West Kirby: The Jekyll and Hyde of Wirral

Living in West Kirby, Wirral, Merseyside
Living in West Kirby, Wirral, Merseyside

West Kirby: The Jekyll and Hyde of Wirral

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West Kirby? Surely not! After all isn’t this the self-declared ‘St. Ives of the North’. A place on the coast boasting breath-taking sunset views, trendy bars, restaurants, opulence and all that is to be envied? Some would have you believe this town is a buzzing cosmopolitan settlement awash with millionaires driving supercars along the promenade or some funky artsy community grooving to their own trendy tune.

Intoxicating Veneer

A leisurely walk around the town in the glorious haze of a summer’s day may give you this impression as you soak up the bars, cafes, trendy nick-nack shops and so on, but beneath this intoxicating veneer there are layers waiting to be pulled back.

It’s true the town has a bit more wealth than other places on the Wirral, no disputing that. However, the sense of superiority this creates is an ugly facet that sneers down at others who are perceived not to fit in.

A façade of sophistication

West Kirby, or Wekka to some, is a town rife with small mindedness, conservatism and casual xenophobia hiding behind a façade of sophistication. At other times it’s a laughable pretence to being something it is not that reveals the ***** in the armour. Allusions and aspirations to be some coastal centre for cuisine excellence or funky hang-out for upper class foodies are dashed as the town is invaded by hordes of boozed up teenagers at the weekend.

Or perhaps the wannabe metropolitan loftiness of a new trendy watering hole-come-eatery collides with reality as it finds itself squeezed in between the flats and shops, and looks out directly into someone’s bathroom or perhaps the drinks terrace is perched above a noisy mechanic’s workspace.

Upper Manhattan this ain’t.

Ordinary and run-of-the-mill

Even when it gets a mention in the Guardian newspaper as a desirable place to live, places singled out as beacons of attractiveness are in fact are ordinary and run-of-the-mill that wouldn’t get a second look if there were located a few miles away. One of the town’s groovy breakfast cafés sits nestled amid the semi-dereliction of the railway station. On warm days diners sip coffee, scroll on their phones and eat with friends blissfully unaware of the potential avalanche of pigeon droppings that lies heaped above them on the dilapidated roof.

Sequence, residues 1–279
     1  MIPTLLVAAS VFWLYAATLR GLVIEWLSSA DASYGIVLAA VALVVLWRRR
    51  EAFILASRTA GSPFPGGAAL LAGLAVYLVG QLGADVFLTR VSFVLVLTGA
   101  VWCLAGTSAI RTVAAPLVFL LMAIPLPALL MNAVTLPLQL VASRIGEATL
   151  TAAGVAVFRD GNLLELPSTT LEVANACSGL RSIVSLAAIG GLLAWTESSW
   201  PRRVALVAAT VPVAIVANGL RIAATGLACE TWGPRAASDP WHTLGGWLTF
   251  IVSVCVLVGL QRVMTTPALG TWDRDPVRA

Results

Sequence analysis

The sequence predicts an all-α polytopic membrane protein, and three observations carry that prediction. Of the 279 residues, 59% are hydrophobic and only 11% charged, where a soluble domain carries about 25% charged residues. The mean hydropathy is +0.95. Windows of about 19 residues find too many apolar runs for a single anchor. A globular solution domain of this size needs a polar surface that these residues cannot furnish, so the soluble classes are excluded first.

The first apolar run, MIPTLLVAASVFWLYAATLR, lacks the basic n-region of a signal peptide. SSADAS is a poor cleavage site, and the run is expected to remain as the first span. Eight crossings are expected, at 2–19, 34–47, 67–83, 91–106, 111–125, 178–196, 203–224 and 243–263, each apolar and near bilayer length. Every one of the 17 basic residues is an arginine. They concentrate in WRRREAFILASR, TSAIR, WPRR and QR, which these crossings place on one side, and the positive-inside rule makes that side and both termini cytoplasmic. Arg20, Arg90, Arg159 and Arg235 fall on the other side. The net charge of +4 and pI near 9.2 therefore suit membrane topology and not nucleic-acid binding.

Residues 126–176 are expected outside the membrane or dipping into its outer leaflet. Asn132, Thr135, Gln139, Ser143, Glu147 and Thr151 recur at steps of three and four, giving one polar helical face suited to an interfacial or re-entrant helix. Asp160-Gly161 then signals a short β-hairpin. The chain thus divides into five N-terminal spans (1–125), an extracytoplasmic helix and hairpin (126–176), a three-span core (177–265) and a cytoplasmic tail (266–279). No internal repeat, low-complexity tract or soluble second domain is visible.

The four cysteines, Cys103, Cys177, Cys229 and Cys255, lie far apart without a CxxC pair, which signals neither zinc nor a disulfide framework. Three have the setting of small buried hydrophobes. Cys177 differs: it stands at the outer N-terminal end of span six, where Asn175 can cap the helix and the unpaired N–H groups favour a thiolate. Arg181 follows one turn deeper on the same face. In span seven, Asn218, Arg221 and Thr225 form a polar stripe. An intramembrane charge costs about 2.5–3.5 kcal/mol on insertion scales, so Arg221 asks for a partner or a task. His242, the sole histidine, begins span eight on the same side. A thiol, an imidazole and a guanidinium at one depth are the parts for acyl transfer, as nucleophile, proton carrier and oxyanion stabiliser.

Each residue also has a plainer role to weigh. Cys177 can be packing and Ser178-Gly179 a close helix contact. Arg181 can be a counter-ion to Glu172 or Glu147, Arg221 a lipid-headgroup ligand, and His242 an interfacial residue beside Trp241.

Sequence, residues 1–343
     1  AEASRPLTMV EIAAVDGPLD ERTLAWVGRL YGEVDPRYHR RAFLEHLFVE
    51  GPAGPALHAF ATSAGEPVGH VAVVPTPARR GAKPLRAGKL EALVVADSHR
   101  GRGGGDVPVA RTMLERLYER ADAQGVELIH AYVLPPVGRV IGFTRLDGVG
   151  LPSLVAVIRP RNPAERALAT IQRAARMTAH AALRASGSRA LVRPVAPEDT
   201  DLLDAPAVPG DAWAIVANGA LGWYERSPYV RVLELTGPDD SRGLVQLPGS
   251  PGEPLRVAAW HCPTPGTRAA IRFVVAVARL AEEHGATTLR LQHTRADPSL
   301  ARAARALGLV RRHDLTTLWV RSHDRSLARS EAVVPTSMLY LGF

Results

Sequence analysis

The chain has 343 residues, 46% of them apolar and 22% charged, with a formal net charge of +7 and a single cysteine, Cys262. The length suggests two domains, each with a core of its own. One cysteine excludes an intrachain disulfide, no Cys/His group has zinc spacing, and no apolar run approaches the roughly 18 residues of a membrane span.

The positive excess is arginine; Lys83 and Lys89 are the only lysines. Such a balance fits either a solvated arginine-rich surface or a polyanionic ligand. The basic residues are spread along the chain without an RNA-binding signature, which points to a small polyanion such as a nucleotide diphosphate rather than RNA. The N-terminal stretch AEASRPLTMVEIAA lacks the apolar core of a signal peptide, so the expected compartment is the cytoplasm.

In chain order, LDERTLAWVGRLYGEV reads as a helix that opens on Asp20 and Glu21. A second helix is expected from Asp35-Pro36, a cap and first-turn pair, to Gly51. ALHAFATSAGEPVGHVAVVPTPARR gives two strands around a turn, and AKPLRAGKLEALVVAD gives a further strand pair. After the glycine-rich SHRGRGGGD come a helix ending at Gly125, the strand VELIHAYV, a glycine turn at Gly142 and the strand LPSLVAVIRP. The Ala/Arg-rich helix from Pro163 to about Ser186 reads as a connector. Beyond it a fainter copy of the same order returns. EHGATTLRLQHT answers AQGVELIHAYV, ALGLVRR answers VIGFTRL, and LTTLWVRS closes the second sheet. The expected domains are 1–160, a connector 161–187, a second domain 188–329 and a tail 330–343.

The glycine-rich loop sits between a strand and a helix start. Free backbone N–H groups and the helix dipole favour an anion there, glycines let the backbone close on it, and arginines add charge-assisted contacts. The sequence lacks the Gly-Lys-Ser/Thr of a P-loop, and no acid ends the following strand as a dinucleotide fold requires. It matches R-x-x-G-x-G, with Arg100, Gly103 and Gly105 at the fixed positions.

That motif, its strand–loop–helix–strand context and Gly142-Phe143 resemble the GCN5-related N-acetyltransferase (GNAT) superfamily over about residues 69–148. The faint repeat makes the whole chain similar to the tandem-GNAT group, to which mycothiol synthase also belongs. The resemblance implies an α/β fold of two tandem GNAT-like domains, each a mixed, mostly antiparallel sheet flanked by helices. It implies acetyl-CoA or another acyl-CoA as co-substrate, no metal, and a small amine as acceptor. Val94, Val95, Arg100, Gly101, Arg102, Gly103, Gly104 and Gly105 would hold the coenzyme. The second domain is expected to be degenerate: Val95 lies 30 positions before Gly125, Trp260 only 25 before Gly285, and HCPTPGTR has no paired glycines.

A (now closed down) Sushi bar that opened up with great aplomb and attempted to bring sophisticated Japanese dining to the town, had to accept the inevitable after a few weeks. The manager was forced place a hand written note in the window offering a pensioners’ breakfast special of tea and toast on certain mornings – so much for fine dining Nippon style..!

But it’s not all about food.

Sophisticate Knuckle Draggers

If you look a bit different, you stick out like a sore thumb. Sure, this isn’t a large metropolitan area enriched by a diverse cosmopolitan population – there’s nothing wrong with that. However, it’s the small mindedness this encourages that is wrong. Like much of Merseyside, de rigueur dress in town consists of a shaven (or bald) head, being middle aged, pot bellied and wearing a rugby top. Look like that and it’s your passport to normality. If you have any flair, individuality or ‘otherliness’ about you, expect unwelcome attention from the sophisticate knuckle draggers pointing and laughing at you through the window of a trendy restaurant.

In spite of such challenges, the town does have a noble cadre of eccentrics doing their thing who can tune out the white noise of the surrounding acceptable normality. These musicians, artists, beatniks and so on give the town some much needed actual individuality that all the bars and restaurants cannot deliver.

Yet all is not lost, and the meeting point for these two worlds is a craft beer bar on the main road – hipsters quaff exotic IPAs while boozed up middle age men fall about the place in a haze of weekend over drinking.

There is hope.

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